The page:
BY GEORGE OKOJIE, Lagos
Human rights lawyer, Femi Falana SAN has urged the Federal Government to halt the lamentation about influx of foreign armed herders into the country, saying certain protocols of the Economic Community of West Africa States (ECOWAS) allows the government to shut out armed foreign herders.
The legal luminary in a statement said it was high time the Federal Government prohibited the influx of armed herders into the country.
It would be recalled that the Minister of Information and Culture, Alhaji Lai Mohammed recently said some of the bandits and criminal herdsmen terrorising the country are foreigners, saying the federal government is seeking an amendment of the Economic Community of West African States (ECOWAS) protocol on free movement of human and cattle within the sub-region.
Apparently reacting to the statement Falana picked holes in Mohammed’s claim affirming that the ECOWAS protocol does not permit the uncontrolled entry of armed herders into Nigeria.
According to him the major problem is lack of, “ostensive lack of enforcement of extant laws”, adding that the government can prohibit the movement of cattle and herders into the country pursuant to section 20 of the animal disease act.
He said, “With respect, the ECOWAS Protocol A/P.1/5/79 Relating to Free Movement of Persons, Residence and Establishment (Free Movement Protocol) does not permit any form of trans border banditry and illegal possession of arms and ammunition.
“Instead of seeking a review or an amendment of the Protocol, the Federal Government should take advantage of Article 4 thereof which states that ‘Notwithstanding the provisions of Article 3 above, Member States shall reserve (the right to refuse admission into their territory any Community citizen who comes within the category of inadmissible immigrant under its laws.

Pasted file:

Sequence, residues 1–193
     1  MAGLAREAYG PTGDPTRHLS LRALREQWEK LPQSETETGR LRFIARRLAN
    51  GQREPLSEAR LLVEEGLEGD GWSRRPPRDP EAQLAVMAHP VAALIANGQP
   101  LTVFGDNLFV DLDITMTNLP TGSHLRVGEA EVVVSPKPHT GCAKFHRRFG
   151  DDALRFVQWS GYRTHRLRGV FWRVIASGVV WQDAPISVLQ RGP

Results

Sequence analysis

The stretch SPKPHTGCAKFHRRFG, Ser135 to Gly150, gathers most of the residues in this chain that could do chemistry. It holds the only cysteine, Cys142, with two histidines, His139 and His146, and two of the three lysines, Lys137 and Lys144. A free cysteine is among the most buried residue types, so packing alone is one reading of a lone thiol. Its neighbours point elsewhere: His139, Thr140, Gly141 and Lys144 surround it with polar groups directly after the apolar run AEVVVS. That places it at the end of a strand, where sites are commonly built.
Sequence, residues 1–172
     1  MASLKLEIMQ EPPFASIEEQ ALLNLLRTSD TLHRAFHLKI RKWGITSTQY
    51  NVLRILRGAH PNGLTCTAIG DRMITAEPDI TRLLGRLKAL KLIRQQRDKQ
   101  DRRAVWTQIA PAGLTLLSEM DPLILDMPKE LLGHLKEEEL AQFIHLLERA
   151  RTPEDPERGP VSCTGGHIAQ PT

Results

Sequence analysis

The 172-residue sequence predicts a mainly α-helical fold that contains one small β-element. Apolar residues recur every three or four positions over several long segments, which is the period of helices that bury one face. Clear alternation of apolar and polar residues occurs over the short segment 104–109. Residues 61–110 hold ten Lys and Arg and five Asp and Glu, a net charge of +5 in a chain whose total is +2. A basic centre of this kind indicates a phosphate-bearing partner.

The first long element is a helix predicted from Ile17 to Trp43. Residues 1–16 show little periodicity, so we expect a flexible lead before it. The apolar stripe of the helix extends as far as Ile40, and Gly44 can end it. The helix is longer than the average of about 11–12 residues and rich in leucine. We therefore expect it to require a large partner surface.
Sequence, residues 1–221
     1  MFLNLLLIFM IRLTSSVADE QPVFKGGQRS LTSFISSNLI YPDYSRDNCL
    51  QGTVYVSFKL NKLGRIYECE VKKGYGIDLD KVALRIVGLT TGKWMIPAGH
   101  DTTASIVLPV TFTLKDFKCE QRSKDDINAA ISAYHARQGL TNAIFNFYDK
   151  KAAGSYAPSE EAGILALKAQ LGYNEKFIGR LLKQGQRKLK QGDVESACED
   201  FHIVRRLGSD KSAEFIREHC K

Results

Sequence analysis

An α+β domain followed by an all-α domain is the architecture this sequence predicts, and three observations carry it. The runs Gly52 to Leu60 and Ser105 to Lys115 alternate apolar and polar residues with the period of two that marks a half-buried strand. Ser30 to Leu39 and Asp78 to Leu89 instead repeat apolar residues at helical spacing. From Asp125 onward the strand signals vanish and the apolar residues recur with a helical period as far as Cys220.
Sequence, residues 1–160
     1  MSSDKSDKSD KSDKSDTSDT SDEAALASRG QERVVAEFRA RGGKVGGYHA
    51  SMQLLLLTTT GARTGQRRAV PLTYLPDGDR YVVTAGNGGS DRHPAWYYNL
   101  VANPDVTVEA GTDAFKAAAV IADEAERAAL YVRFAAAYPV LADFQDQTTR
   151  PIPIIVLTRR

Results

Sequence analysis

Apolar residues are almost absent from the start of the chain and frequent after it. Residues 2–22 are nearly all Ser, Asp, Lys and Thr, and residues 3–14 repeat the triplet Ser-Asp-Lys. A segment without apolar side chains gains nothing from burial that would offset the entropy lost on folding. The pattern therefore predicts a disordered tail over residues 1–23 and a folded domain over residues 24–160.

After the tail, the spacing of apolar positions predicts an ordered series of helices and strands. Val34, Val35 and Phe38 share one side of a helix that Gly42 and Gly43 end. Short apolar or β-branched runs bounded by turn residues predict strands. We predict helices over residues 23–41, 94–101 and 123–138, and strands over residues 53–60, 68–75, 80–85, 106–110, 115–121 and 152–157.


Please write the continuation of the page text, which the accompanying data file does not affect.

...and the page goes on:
“It is submitted that such restrictive domestic inadmissibility laws allow Nigeria to invoke her domestic laws to deal with the menace of trans border criminality traced to armed herders and bandits.
“One of such domestic laws is the Animal Diseases (Control) Act (Cap. A17) Laws of the Federation of Nigeria 2004 that provides for the importation and exportation of animals, surveillance of importation, seizure or destruction of animals, control of trade animals e.t.c. among other things.
“Specifically, the Act states that the importation of any animal, animal products or biologics into Nigeria from any other country by land, sea or air is prohibited except under a permit granted by the Director who in each case shall state the conditions under which the animal, hatching eggs or poultry may be imported.
“Another relevant legislation is the Firearms Act (Cap. R11) Laws of the Federation of Nigeria 2004 which provides that no person shall have in his possession or under his control any firearm except in accordance with a licence granted by the President acting in his discretion or except in accordance with a licence granted in respect thereof by the Inspector-General of Police.
“Any person who contravenes any of the provisions of the Firearms Act is guilty of an offence and liable on conviction to a minimum sentence of ten years or five years imprisonment depending on the provision(s) breached.
“As a matter of urgency, the Federal Government should direct immigration officials to prevent armed herders from entering the country while the Police should be allowed to arrest and prosecute herders caught with arms without licences.”